Rattlesnake Master

Rattlesnake Master Eryngium

Eryngium yuccifolium Also called Button Eryngo.

Shimmering globe-thistle-like 1" greenish-white flowerheads with feathered silvery-green bracts on smooth stiff stems surrounded by sharply cut leathery foliage. Emits a subtle honey-like scent during the heat of the day.

Exhibits a rare and beautiful silhouette wherever it grows. Fabulous for cutflower production—an excellent bouquet-builder, providing good structure for arrangements.

Attracts numerous types of long- and short-tongued bees, wasps, flies, butterflies, moths and beetles.

Plant 18–24" apart in full sun and well-drained sandy soils. Self-seeds freely over time. Plants tend to open up and sprawl if grown in rich soils or in anything less than full sun. Forms a taproot and is best left undisturbed once established. Native to prairies of eastern North America. MOFGA certified-organic. Grown at Ripley Farm. 3-6' tall. Z3. Maine Grown. (bare-root crowns)

699 Rattlesnake Master
Item Discounted
L699A: 1 for $7.25
New catalog listings coming in early October
L699B: 2 for $12.50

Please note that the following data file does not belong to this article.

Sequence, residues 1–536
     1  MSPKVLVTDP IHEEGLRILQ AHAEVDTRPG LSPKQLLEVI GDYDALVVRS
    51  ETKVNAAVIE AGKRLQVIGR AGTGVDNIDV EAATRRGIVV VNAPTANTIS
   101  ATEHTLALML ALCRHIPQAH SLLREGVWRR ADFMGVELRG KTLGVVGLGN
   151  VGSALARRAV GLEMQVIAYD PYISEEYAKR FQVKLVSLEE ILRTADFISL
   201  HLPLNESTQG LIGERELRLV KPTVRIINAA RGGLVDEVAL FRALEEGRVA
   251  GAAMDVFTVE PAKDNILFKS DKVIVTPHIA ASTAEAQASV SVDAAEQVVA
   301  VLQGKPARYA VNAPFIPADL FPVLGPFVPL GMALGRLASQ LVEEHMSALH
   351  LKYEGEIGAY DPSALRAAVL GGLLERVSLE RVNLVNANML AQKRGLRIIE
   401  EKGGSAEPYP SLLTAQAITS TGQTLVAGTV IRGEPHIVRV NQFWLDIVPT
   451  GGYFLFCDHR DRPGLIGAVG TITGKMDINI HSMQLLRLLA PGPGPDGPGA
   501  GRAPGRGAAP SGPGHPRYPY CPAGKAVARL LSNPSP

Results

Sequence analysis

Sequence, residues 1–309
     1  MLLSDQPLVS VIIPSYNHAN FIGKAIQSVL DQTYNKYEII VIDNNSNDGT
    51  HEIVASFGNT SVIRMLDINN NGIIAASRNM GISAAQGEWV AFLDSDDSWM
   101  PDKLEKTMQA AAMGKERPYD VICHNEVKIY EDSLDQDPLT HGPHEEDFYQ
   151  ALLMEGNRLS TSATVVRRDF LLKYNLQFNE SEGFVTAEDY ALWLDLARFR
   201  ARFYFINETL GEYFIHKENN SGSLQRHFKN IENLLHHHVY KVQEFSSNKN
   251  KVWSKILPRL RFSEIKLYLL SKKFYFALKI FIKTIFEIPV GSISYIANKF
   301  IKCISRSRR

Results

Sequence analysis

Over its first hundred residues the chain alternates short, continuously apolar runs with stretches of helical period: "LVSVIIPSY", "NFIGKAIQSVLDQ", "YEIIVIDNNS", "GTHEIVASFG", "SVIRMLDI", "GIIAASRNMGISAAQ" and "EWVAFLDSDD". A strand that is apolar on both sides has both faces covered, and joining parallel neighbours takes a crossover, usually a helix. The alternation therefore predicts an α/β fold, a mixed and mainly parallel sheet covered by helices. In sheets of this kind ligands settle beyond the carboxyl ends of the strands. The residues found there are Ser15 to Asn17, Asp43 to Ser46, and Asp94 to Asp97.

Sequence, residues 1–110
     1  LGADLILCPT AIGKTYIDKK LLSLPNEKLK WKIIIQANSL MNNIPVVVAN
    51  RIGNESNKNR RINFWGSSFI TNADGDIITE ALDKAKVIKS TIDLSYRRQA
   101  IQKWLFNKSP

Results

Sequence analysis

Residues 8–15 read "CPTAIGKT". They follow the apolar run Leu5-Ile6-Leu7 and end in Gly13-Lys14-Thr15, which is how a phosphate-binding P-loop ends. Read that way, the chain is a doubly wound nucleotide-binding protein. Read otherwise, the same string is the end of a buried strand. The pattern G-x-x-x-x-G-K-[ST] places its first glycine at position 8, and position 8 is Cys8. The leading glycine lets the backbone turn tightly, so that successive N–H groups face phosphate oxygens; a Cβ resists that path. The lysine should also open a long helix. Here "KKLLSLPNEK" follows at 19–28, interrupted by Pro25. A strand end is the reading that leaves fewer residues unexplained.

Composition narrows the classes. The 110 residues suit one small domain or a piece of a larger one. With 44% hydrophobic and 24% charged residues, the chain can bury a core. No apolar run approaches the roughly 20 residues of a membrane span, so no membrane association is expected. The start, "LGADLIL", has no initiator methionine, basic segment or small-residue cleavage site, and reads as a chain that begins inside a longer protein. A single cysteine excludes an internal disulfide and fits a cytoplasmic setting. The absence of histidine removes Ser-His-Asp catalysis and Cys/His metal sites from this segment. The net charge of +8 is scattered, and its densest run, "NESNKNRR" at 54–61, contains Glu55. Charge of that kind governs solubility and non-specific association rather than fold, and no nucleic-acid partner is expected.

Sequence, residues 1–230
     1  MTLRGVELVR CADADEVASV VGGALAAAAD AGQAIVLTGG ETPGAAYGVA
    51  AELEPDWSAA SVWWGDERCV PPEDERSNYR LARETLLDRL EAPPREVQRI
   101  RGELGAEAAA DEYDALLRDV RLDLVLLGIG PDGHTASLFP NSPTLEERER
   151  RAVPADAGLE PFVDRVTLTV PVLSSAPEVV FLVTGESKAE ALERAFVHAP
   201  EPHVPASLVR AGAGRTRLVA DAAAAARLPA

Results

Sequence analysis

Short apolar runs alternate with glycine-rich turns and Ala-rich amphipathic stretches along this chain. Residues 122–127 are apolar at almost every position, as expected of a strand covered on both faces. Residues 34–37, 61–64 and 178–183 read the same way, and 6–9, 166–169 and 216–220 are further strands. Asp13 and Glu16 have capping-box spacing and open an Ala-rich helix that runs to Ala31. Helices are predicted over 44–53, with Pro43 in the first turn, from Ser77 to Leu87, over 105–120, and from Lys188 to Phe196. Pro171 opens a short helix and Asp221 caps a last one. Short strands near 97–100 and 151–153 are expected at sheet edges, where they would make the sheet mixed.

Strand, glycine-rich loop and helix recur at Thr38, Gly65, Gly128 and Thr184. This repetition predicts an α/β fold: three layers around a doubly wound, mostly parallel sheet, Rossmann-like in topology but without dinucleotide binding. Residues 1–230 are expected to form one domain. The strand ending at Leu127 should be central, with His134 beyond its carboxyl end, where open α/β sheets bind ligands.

New catalog listings coming in early October
L699C: 3 for $16.50
New catalog listings coming in early October
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Additional Information

Herbaceous Perennial Plants

When you receive your order, open the bags and check the stock. Roots and crowns should be firm and pliable. If they are slightly dry, add a little water or, if they are going to be potted up soon, wet the roots. Generally, a little surface mold is harmless and will not affect the plant’s future performance. If you cannot pot them up immediately, store them in a cool (35–40°) location for a short time.

Do not plant bare-root perennial plant crowns directly outdoors.

Pot up the rootstock using well-drained potting mix in a deep 6" pot or a 1-gallon container. Avoid coiling the roots in under-sized containers.
Grow newly potted perennials for a few weeks in a protected location in indirect light at 50–60°. Wet and/or cold conditions for an extended period may cause rotting.
Transplant outside once they show some top growth and the danger of frost has passed.

For more info:
About planting bare-root perennials.